Vic Wild of White Salmon wins gold at Sochi for Russia

Credit: Getty Images

SOCHI, RUSSIA - FEBRUARY 19: Men's gold medalist Vic Wild of Russia and women's bronze medalist Alena Zavarzina of Russia celebrate after the Snowboard Parallel Giant Slalom Finals on day twelve of the 2014 Winter Olympics at Rosa Khutor Extreme Park on February 19, 2014 in Sochi, Russia. (Photo by Lars Baron/Getty Images)

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by KGW Staff, NBC and Associated Press

kgw.com

Posted on February 19, 2014 at 11:37 PM

Updated Thursday, Feb 20 at 6:14 AM

KRASNAYA POLYANA, Russia -- Vic Wild, a native of White Salmon, Wash. won an Olympic gold medal for snowboarding on Wednesday, but not for the United States. He was competing for Russia.

The newly minted star in Russia and local hero in White Salmon is also part of a love story that bridged two continents and helped him win Olympic gold.

More: White Salmon celebrates Vic Wild's win

Vic Wild was born and raised in White Salmon, Washington. The American native captured the Olympic gold medal in parallel giant slalom; about 15 minutes earlier, his wife, Russia's Alena Zavarzina, won the bronze.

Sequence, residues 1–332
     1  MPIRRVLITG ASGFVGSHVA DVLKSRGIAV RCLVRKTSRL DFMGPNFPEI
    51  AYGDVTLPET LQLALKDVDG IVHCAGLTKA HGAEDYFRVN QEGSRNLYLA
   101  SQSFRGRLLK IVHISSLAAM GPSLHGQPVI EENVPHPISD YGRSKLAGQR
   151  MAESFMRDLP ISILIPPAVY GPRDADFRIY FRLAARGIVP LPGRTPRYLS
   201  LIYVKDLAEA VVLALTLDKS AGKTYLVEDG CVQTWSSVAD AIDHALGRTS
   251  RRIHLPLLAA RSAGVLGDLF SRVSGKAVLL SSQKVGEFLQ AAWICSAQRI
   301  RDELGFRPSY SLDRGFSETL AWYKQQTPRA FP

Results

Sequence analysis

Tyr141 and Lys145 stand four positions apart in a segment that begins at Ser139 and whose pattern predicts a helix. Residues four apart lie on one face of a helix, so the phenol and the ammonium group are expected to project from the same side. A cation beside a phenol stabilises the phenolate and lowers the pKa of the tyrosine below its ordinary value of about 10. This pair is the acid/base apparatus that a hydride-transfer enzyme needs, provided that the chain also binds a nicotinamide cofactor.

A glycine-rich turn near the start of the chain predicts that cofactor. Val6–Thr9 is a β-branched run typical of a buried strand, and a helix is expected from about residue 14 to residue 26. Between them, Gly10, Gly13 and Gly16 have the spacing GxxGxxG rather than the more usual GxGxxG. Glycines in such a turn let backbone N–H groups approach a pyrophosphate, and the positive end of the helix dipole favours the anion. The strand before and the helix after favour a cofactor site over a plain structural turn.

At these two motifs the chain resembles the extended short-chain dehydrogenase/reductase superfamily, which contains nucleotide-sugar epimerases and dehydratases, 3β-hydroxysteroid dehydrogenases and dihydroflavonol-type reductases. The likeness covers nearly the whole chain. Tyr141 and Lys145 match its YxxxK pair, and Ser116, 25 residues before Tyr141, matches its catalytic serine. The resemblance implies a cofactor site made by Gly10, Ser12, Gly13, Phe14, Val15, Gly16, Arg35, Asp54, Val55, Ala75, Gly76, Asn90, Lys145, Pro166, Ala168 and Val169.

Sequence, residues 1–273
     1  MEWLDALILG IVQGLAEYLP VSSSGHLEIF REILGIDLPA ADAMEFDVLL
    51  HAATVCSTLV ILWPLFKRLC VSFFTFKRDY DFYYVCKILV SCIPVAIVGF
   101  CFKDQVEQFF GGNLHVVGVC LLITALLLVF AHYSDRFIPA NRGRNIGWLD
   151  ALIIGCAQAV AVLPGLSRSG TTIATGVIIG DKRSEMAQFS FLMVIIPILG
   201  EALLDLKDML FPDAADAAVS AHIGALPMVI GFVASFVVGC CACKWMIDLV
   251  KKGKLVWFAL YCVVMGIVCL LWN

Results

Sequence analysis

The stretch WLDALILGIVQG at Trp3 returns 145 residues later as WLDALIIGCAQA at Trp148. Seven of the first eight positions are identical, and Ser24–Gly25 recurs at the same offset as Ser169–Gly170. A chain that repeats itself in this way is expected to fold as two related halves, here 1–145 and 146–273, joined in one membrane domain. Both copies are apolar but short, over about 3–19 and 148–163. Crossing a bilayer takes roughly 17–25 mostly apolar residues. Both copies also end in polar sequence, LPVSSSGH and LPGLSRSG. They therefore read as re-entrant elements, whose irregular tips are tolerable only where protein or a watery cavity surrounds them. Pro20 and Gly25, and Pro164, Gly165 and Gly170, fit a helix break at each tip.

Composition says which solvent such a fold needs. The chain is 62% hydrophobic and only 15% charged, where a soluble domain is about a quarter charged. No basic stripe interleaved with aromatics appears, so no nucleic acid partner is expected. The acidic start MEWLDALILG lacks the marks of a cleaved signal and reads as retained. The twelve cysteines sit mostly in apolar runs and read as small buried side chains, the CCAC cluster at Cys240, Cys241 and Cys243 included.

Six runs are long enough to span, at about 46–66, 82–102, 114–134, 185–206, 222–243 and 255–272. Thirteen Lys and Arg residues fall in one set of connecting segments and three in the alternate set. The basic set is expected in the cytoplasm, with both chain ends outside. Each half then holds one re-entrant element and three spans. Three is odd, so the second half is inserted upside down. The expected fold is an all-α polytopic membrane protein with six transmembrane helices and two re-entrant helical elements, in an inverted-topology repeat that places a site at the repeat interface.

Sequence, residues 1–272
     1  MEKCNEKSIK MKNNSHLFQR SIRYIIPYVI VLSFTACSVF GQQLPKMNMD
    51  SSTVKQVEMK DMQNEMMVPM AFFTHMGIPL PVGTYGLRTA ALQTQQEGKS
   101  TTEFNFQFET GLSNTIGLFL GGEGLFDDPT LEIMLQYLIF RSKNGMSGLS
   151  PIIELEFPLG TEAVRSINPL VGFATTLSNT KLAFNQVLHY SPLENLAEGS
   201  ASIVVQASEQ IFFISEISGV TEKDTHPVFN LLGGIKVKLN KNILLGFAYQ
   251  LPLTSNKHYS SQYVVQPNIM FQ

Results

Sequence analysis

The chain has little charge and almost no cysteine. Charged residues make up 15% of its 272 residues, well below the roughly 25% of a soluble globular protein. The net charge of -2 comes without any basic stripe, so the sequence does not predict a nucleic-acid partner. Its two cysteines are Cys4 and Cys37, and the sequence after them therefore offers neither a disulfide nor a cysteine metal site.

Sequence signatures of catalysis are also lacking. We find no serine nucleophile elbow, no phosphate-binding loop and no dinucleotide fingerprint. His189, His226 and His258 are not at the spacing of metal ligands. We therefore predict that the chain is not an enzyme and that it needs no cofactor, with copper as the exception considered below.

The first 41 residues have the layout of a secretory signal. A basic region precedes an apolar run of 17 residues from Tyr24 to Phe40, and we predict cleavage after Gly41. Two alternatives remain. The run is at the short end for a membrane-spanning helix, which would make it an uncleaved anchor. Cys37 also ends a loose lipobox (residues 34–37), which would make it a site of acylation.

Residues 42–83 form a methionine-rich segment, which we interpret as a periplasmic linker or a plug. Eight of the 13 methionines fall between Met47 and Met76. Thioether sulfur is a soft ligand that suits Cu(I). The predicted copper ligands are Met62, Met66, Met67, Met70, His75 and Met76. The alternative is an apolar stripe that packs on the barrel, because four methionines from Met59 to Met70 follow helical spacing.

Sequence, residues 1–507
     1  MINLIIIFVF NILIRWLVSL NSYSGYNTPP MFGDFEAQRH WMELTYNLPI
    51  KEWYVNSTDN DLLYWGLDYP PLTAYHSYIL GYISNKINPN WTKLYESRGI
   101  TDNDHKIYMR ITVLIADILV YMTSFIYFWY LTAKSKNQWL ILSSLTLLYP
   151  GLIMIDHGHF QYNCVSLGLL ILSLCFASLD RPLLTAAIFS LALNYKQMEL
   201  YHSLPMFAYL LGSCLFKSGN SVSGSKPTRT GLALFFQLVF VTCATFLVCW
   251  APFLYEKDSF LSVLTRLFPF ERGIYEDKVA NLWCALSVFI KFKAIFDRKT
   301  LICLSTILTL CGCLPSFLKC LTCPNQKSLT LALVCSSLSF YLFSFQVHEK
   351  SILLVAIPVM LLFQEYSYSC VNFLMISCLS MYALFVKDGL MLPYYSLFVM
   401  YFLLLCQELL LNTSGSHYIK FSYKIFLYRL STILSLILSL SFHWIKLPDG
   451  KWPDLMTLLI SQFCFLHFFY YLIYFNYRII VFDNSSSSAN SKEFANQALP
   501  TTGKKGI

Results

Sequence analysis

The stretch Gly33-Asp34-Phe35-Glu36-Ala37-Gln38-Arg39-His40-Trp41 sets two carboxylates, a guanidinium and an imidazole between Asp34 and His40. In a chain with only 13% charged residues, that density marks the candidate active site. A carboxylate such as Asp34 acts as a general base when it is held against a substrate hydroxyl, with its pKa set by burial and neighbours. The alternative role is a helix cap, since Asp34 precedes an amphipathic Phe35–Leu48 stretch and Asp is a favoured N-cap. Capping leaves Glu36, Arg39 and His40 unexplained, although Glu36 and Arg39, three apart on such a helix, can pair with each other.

"For both of us to have success on the same day, it's truly incredible," Wild said. "I don't know how this happened."

NBC Report: Expat, wife medal for Russia in parallel giant slalom

It started five years ago while they were traveling in the same pack on the World Cup snowboard racing circuit. Vic, born and raised in White Salmon, Wash., competed for the United States. Alena, a native of Novosibirsk, rode for Russia.

"When I first met her, I knew something was a little different, so I was very careful with how our relationship went," Wild said. "Very, very, very careful."

Photos: White Salmon's Vic Wild wins gold for Russia

Love bloomed. Zavarzina, the 2011 world champion, doesn't enjoy sharing every little detail.

"I'll tell them when I'm old, in my memoir," she said.

NBC Report: Wild leaves US to compete for Russia

Alpine is the only Olympic snowboarding discipline not in the Winter X Games, the sport’s annual showcase event. Sponsors are scant in the U.S. for alpine snowboarding athletes. Money is meager.

Wild was prepared to quit, dissatisfied not only with his results but also support and funding from the U.S. Ski and Snowboard Association [USSA]. He was also in search of a coach.

While staying in Moscow with Zavarzina, a Russian coach suggested that he switch countries.

The Russian Ministry of Sport said he had to win a Olympic medal or World Championship to gain Russian citizenship.  So, Zavarzina and Wild got married instead.

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